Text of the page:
The book is considered an important contribution to emerging Islamic feminist scholarship and has fairly dismantled politics of zina with these case studies, which make up the bulk of the volume. The “critique from within” is brief in comparison, primarily focusing on zina in classical fiqh and providing a literature review on various scholarly interpretations. The authors also confirm that preventing a conviction was topmost on the minds of classical jurists, as zina laws also served to protect women from slander (from the community and or their husbands), particularly since women were liable to carry evidence of the affair in the form of a pregnancy. So much so that the Qur’anic punishment for an unsubstantiated accusation of zina is 80 lashes.
The critique is followed by sections on nikah (marriage) and hijab (covering) in relation to zina laws, which interestingly enough appear to shift more towards the “feminist” end of the scholarship spectrum rather than the “Islamic” one. Understandably, the authors felt the need to include marriage in their discussion because a charge of zina is handed out when sex occurs outside marriage or when it violates marriage, making the nikah effectually central to socially accepted relations between men and women in Islam.
The discussion alludes to marriage as the act of selling women’s sexuality and how the “logic of women’s sexuality as property and its sale on marriage” justified polygyny and defined rules for the termination of marriage, wherein a man benefits both from entering into the marriage state and its possible termination. While the authors make a valid point, reference should have been made to the circumstances leading to the introduction of polygyny in Islam – like divorce, polygyny is only considered an option when all alternative methods of reconciliation and amendment between the partners have been exhausted. The context in which of the verse was revealed was to protect and safeguard the virtue of numerous women who had been widowed or lacked guardians after the Battle of Uhud.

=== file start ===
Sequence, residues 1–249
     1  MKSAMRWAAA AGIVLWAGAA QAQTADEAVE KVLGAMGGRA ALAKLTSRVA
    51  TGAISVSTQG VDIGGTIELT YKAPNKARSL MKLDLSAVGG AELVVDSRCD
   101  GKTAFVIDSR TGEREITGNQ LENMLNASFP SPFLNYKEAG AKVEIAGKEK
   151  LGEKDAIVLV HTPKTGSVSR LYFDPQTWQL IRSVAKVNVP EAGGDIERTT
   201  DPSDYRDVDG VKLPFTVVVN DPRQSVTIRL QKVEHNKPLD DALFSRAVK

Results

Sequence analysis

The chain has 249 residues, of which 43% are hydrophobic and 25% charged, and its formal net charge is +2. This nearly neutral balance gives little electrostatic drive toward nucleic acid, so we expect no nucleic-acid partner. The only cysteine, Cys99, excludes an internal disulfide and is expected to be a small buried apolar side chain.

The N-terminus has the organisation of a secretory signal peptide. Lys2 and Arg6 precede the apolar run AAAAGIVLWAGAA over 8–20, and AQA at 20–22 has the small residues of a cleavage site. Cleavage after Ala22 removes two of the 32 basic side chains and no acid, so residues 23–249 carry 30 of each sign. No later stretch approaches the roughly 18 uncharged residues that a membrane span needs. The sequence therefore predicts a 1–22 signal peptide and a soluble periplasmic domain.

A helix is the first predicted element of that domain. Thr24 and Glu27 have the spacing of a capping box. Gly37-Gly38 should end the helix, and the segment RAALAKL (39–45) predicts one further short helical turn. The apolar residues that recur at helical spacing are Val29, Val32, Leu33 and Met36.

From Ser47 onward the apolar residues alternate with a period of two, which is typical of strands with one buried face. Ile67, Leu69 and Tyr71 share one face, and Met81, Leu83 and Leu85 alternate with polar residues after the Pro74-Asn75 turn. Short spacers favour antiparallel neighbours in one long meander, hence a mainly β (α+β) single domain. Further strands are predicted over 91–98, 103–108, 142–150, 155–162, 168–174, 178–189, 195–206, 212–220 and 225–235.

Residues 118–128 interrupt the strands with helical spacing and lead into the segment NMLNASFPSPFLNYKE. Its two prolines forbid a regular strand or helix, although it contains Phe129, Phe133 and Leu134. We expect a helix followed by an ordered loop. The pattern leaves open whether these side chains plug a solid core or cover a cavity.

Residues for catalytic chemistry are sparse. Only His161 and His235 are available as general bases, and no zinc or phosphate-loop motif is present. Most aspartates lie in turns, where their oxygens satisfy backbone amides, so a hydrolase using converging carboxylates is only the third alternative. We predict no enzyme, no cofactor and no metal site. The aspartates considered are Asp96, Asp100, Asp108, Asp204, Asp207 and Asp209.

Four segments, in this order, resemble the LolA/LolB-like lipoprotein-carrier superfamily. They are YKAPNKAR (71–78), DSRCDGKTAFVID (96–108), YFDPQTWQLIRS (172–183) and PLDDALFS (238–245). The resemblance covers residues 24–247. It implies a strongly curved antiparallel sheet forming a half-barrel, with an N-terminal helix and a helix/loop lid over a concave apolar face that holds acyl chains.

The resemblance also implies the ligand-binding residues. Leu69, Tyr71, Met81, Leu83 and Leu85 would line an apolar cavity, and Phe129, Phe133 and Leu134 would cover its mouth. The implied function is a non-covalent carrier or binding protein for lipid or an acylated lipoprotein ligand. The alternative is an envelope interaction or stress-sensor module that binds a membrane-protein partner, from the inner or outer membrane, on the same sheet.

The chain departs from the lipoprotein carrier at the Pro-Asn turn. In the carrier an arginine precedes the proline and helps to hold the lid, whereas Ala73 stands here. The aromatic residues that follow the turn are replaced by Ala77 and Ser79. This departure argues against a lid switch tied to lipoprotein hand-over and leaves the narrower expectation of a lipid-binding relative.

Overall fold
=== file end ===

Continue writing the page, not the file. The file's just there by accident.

On the whole, the book is a well-researched critique of emerging zina laws in predominantly Muslim contexts, earning additional credibility by debating key points of classical fiqh to underscore the violation of women’s rights that occur with such laws. Since the discussion takes its cues from a human rights perspective, the book also offers insight into “appropriate concepts and strategies for the campaigns to decriminalize consensual sex,” an approach which may not curry favor with all Muslims.
Resistance movements and organizations are joining forces (as is the case of this scholarly contribution) and have employed several strategies to counteract the revival of zina legislation, most of which include educating and informing the public on the politics of zina. But as long as political motivations of a select few trap women’s rights in their respective national machineries, the removal of zina laws and other coercive customs which have found their way into Islamic communities by virtue of their supposed “Islamic-ness” will continue to challenge women’s place in society.
*There are two main denominations within Islam (Sunni & Shia), each with their own schools of law or religious jurisprudence (fiqh). The Sunnis comprise of Hanfi, Maliki, Shafii and Hanbali schools of thought while the Shia have the Jafari.